Consider how the characters in The Misanthrope, Tartuffe, and George Dandin aren’t entirely unrealistic. While Molière highlights the over-the-top positions and attitudes adopted by Orgon, Alceste, and Dandin, the characters aren’t so ridiculous as to be implausible. That is, he balances their comic properties with a fair amount of realism. This compromise lets the reader laugh and recognize the misdeeds of society at the same time.
In The Misanthrope, people can laugh at Alceste’s incorrigible idealism. Yet it’s not outrageous, then or now, to want to be in a world free falseness and pretentiousness. Whether it’s in the seventeenth century or the twentieth century, many characters have inveighed against shallowness and hypocrisy. It’s not hard to connect Alceste’s desire for sincerity to Holden Caulfield’s critique of phoniness in J. D. Salinger’s 1951 novel The Catcher in the Rye.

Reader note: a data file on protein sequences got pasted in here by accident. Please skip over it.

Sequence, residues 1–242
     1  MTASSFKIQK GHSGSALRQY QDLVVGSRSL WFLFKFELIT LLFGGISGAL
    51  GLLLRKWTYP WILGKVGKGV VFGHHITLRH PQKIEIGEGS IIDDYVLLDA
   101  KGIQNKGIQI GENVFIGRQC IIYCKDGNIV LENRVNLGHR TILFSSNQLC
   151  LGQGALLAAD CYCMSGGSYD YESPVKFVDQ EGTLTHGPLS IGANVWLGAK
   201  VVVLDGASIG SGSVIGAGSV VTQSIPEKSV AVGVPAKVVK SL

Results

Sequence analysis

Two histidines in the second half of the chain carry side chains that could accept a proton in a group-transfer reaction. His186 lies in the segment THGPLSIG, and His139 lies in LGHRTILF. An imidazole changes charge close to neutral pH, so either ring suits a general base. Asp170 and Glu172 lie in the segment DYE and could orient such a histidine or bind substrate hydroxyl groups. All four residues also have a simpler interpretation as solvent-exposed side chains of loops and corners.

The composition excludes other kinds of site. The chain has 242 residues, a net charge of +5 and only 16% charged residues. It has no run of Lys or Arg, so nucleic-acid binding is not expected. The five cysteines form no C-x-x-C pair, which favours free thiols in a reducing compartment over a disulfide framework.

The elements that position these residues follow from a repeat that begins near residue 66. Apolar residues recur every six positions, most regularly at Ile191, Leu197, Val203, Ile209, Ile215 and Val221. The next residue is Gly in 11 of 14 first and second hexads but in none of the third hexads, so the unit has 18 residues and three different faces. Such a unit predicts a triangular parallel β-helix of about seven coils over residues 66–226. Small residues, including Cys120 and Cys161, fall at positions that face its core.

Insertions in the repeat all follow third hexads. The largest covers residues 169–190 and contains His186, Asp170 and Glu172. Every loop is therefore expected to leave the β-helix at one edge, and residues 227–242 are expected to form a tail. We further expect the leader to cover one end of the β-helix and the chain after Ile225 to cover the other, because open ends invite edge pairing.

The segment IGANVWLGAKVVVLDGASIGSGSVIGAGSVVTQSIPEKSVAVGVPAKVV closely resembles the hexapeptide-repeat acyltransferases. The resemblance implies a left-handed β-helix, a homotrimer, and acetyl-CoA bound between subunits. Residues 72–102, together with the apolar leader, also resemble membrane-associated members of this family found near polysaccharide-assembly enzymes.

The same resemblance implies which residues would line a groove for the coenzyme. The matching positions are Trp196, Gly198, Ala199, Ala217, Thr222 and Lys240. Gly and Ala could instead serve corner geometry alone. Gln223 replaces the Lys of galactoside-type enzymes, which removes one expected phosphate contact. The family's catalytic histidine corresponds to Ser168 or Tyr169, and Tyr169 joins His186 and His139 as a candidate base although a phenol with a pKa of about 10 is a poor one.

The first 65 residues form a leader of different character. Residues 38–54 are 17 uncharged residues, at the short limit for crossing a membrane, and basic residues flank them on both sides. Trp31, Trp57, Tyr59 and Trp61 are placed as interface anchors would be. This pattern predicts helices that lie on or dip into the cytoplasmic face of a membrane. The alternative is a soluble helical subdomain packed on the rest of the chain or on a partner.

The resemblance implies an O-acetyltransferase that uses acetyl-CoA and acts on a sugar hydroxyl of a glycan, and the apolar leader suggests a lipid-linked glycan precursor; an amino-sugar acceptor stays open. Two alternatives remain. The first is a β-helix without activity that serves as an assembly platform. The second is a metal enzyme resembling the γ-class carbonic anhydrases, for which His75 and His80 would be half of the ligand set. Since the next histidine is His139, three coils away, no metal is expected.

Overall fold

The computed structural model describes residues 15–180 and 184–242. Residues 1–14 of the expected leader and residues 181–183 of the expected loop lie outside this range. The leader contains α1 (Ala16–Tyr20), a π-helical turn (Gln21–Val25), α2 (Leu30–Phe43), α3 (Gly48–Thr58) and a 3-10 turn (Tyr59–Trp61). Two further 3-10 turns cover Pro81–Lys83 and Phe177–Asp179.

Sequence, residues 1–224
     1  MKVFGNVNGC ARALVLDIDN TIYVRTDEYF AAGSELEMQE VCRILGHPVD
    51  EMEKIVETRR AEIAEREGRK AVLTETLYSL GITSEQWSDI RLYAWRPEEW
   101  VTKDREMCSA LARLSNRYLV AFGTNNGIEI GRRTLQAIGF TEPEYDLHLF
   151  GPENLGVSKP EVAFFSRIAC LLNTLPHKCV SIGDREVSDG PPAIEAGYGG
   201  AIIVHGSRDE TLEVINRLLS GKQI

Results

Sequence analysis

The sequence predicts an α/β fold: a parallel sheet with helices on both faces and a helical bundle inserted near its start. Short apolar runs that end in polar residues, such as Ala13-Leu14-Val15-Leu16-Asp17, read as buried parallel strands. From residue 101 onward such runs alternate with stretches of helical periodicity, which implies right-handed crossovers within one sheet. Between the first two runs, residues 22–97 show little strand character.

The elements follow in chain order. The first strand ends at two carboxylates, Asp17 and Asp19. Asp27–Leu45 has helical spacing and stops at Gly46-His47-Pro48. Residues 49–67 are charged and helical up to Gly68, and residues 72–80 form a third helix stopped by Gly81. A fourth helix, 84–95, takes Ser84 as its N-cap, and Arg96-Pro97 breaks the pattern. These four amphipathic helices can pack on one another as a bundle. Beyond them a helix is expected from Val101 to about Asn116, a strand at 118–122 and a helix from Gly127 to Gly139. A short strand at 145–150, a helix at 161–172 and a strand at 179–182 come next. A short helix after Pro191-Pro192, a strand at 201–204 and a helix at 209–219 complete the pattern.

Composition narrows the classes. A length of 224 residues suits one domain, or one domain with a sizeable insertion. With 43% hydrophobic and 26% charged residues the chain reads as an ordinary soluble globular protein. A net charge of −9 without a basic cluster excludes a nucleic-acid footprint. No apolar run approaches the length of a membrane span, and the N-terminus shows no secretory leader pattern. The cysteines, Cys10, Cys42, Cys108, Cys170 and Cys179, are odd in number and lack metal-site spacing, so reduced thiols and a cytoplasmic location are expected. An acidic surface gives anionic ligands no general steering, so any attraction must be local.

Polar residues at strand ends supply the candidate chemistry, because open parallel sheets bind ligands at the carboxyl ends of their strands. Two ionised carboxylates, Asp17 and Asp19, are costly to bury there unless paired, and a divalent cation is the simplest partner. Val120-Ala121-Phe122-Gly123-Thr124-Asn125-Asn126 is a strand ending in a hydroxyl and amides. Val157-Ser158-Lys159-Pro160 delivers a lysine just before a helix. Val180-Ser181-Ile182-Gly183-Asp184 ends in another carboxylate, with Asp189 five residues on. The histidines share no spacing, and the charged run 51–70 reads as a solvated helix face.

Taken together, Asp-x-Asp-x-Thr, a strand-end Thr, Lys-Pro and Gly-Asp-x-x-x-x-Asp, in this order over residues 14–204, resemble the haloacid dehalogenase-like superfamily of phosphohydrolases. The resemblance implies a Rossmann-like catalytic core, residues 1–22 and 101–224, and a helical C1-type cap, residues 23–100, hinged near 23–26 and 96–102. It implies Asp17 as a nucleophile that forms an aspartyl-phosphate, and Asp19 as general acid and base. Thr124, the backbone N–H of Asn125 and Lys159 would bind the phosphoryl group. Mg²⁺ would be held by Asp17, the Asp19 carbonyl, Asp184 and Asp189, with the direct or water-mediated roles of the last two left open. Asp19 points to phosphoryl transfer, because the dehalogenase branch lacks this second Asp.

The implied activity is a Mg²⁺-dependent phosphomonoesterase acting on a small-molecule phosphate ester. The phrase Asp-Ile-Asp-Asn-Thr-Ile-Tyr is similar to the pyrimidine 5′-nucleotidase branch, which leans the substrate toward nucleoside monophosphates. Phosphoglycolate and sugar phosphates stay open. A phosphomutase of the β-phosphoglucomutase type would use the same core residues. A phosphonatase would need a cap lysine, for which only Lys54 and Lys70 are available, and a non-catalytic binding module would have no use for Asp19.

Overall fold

In Tartuffe, Orgon’s admiration for the eponymous character is presented as funny, but it’s also a serious problem. People tend to over idealize other people, and such warped perceptions can lead to real problems and harm.
People also tend to treat other people badly. Dandin’s wife and her parents show little more than disdain for him because of how he carries himself. George’s lack of grace might make audience members laugh; however, it isn’t so extreme that it can’t simultaneously make audience members think about how people are often mistreated for superficial reasons.
Overall, it’s possible to argue that the goal of making people laugh isn’t so different from the goal of making people recognize some of the important issues of their time. As Molière’s plays demonstrate, comedy can be used to address critical matters.